A Sydney man was arrested this week for the production and possession of firearms created with a 3D printer.
Reports circulated in the media that suggested 3D printers cost between $500,000 and $1 million and that possession of a 3D printer was illegal. These claims were untrue.
While metal printing machines capable of creating perfectly functional weapons do cost half a million dollars, a regular 3D printer can be acquired for less than $200.
Their possession is not illegal, although it is illegal to possess 3D printing blueprints for the creation of firearms.
While guns printed with plastics are not strong enough to withstand regular use, there are numerous examples online of people creating and effectively firing plastic printed guns.
They generally break after a couple of uses, although that would be little comfort to a shooting victim.
Whilst home-brew weapons are a hot button issue for obvious reasons, 3D printing has taken leaps and bounds in the past decade often under the radar of the general public.
In the Netherlands, a company called MX3D is working on a bridge entirely printed in steel by specially made robots. The bridge will span the Oudezijds Achterburgwal canal in the centre of Amsterdam.
At the same time, the field of prosthetics has been transformed by 3D printing with doctors able to create more comfortable, functional false limbs.
A five-year-old boy from the United States received the first robot hand created on a 3D printer by South African inventor Richard Van As in collaboration with American special effects artists and puppeteer Ivan Owen.
#Repost @autodesk ・・・ Say hello to robots that 3D “draw” in steel: the organization MX3D will print a bridge over the water in the center of Amsterdam. The Dutch company researches and develops groundbreaking, cost-effective robotic 3D printing technology. MX3D can 3D print beautiful, functional objects in almost any form and more efficiently than possible until now, using sustainable materials.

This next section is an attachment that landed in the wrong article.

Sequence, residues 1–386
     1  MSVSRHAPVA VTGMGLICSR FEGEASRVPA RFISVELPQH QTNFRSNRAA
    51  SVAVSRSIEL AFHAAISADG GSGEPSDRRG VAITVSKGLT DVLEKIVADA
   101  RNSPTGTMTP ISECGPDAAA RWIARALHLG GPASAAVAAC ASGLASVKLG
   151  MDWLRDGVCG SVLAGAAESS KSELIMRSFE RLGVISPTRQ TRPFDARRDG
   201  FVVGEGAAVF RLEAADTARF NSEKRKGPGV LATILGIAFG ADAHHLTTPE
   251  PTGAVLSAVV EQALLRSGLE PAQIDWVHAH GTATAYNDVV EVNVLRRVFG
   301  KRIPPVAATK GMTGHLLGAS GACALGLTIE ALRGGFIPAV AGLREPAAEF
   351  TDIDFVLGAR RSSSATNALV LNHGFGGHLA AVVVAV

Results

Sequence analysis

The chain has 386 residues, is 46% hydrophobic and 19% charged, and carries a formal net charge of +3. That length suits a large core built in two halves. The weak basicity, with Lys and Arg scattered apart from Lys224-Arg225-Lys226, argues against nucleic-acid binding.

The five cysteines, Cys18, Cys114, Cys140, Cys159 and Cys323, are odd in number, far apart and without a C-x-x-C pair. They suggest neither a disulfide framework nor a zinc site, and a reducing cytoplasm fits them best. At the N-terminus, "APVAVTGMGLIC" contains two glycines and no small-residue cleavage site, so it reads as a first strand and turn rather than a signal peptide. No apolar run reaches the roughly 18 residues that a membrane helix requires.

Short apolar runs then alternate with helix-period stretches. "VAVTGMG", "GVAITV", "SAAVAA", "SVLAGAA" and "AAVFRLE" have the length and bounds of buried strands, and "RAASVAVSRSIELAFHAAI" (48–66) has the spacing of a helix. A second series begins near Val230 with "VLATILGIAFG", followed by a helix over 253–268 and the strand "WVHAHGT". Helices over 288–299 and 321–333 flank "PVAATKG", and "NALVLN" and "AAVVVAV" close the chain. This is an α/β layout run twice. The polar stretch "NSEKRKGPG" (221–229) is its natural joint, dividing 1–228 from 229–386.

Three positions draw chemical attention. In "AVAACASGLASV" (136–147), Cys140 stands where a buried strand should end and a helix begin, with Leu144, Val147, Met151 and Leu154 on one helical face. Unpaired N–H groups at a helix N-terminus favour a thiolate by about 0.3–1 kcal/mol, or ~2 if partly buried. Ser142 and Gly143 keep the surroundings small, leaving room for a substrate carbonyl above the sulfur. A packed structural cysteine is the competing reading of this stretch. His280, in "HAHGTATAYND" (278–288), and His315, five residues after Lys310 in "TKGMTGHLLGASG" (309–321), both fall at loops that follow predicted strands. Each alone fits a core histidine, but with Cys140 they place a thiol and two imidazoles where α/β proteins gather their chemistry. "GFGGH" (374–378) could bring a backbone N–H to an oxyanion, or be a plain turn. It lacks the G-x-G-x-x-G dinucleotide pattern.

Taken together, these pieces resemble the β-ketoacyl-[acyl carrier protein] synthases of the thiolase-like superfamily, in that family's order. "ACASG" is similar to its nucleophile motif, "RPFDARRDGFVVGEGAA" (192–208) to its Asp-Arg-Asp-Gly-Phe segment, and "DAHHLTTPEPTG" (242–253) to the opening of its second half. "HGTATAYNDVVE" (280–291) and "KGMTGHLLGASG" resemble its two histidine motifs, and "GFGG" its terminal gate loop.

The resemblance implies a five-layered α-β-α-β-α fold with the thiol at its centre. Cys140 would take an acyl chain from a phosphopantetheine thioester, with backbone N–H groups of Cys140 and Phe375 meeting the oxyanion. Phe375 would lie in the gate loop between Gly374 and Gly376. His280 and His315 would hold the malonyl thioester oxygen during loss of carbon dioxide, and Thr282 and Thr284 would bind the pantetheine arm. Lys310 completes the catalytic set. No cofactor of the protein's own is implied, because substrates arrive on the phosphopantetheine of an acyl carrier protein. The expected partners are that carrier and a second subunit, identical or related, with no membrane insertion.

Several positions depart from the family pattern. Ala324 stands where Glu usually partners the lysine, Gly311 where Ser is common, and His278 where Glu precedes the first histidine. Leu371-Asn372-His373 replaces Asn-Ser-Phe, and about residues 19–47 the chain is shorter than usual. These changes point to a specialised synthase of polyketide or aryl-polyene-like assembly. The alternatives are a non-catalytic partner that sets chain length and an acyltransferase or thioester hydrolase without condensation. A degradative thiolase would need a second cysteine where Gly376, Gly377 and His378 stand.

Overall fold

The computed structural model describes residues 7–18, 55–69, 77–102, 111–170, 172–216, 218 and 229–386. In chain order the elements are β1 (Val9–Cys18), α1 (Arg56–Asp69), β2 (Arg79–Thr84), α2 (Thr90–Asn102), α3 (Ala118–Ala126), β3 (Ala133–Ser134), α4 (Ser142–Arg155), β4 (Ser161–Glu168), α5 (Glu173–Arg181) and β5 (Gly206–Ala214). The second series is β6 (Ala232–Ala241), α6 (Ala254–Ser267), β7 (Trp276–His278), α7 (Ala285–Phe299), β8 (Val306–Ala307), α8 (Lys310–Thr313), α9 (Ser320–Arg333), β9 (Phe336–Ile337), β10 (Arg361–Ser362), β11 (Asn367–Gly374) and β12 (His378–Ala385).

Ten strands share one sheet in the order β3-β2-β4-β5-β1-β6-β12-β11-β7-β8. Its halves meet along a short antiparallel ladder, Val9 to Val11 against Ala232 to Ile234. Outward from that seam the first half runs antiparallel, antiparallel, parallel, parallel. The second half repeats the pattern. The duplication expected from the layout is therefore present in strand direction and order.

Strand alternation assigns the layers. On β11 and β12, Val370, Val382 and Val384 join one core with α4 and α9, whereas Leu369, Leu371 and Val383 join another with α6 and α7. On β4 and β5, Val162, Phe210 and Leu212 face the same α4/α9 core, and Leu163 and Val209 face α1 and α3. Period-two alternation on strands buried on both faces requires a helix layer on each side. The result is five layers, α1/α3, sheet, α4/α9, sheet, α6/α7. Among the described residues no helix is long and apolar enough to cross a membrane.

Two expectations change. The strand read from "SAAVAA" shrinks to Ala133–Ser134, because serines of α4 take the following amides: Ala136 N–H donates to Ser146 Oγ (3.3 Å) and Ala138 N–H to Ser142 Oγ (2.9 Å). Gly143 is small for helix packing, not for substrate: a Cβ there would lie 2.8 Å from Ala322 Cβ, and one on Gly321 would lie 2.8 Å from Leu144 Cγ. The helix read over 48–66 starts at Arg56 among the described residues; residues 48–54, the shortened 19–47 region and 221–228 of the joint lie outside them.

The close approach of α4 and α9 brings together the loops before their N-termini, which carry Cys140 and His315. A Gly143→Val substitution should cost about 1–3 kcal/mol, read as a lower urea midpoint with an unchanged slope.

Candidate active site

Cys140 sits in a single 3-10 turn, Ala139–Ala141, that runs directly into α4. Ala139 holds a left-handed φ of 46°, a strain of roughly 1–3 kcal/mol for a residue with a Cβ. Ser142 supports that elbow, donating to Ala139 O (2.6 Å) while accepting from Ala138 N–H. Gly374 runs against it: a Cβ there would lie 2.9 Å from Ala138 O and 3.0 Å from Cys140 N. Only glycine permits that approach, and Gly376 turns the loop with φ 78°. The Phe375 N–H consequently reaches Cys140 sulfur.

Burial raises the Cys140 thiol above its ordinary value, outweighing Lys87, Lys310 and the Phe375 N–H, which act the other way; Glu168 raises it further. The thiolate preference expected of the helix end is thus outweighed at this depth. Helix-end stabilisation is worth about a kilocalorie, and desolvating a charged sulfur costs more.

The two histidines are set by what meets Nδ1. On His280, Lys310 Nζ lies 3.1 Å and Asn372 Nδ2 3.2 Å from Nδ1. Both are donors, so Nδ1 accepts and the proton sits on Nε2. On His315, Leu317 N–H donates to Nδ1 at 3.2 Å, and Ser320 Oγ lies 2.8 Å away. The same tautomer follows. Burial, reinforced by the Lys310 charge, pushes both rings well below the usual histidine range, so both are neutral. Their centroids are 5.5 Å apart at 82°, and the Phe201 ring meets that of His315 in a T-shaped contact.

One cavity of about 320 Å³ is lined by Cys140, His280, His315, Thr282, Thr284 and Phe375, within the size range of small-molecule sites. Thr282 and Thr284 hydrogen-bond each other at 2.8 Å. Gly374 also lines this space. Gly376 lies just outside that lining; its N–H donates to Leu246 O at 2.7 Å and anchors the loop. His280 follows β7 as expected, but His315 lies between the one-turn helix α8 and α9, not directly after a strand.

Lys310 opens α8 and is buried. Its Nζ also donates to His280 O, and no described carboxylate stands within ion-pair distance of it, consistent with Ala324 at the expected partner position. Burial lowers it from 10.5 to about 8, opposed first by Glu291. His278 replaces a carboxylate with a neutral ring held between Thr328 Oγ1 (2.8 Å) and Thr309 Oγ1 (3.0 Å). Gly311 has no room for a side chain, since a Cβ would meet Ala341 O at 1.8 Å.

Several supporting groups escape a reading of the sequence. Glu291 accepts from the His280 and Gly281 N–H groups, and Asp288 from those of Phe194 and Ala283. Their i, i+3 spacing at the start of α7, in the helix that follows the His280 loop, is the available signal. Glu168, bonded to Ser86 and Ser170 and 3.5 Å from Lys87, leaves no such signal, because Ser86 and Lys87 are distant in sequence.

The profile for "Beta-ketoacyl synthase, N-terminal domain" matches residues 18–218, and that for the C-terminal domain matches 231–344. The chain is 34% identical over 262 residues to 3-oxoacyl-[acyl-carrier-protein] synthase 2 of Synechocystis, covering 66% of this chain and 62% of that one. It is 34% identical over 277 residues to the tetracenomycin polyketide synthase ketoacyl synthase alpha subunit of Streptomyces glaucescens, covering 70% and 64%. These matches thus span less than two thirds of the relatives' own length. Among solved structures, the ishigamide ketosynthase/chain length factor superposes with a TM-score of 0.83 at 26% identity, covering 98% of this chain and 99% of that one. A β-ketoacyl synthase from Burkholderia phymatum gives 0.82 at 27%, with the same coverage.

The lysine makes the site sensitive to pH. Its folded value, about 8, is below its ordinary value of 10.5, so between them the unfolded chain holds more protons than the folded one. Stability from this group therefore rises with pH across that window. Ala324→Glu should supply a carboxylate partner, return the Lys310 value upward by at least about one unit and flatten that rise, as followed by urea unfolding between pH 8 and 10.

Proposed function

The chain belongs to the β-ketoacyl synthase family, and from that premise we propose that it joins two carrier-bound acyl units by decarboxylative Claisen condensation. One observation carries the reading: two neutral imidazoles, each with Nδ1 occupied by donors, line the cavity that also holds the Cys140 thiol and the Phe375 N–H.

A post shared by MX3D (@mx3dbridge) on
The perfect faux burger
These examples make use of common production materials – plastic and metals – but the bleeding edge of 3D printing is, well, bleeding.
Dutch scientists have spent the past few years learning to grow meat.
In 2013, the team of academic food scientists began growing beef, culturing the muscle from cow stem cells in a lab and then using 3D printing to mix the protein with fat, colour additives and layer it all into something that looks and tastes like a real burger.
That first burger cost more than US$330,000 to create but the researchers’ company, Mosa Meats, is reportedly working on bringing that cost down and an actual product to market.
At the moment it is said to cost about US$11 per patty to manufacture and the company is also working on printing replica lamb chops and steaks.
Fixing a broken heart
Of course, once you get your mind around the fact that they can print bio material, you can imagine how excited the medical profession is about the potential to print real human parts.
About 1,400 people are waiting on the organ transplant list in Australia alone and for years scientists have been working on how to get to a stage where we can print whole organs.
Researchers at Carnegie Mellon University have developed a technique for printing soft tissues such as collagens that can be used to repair human hearts on cheap, consumer-level 3D printers.
It is hoped this method will lead to the printing of an actual human heart.
While me may worry about the danger of 3D-printed weapons, it will be interesting to see how the government chooses to protect us from violence without curtailing experimentation in vast areas of innovation.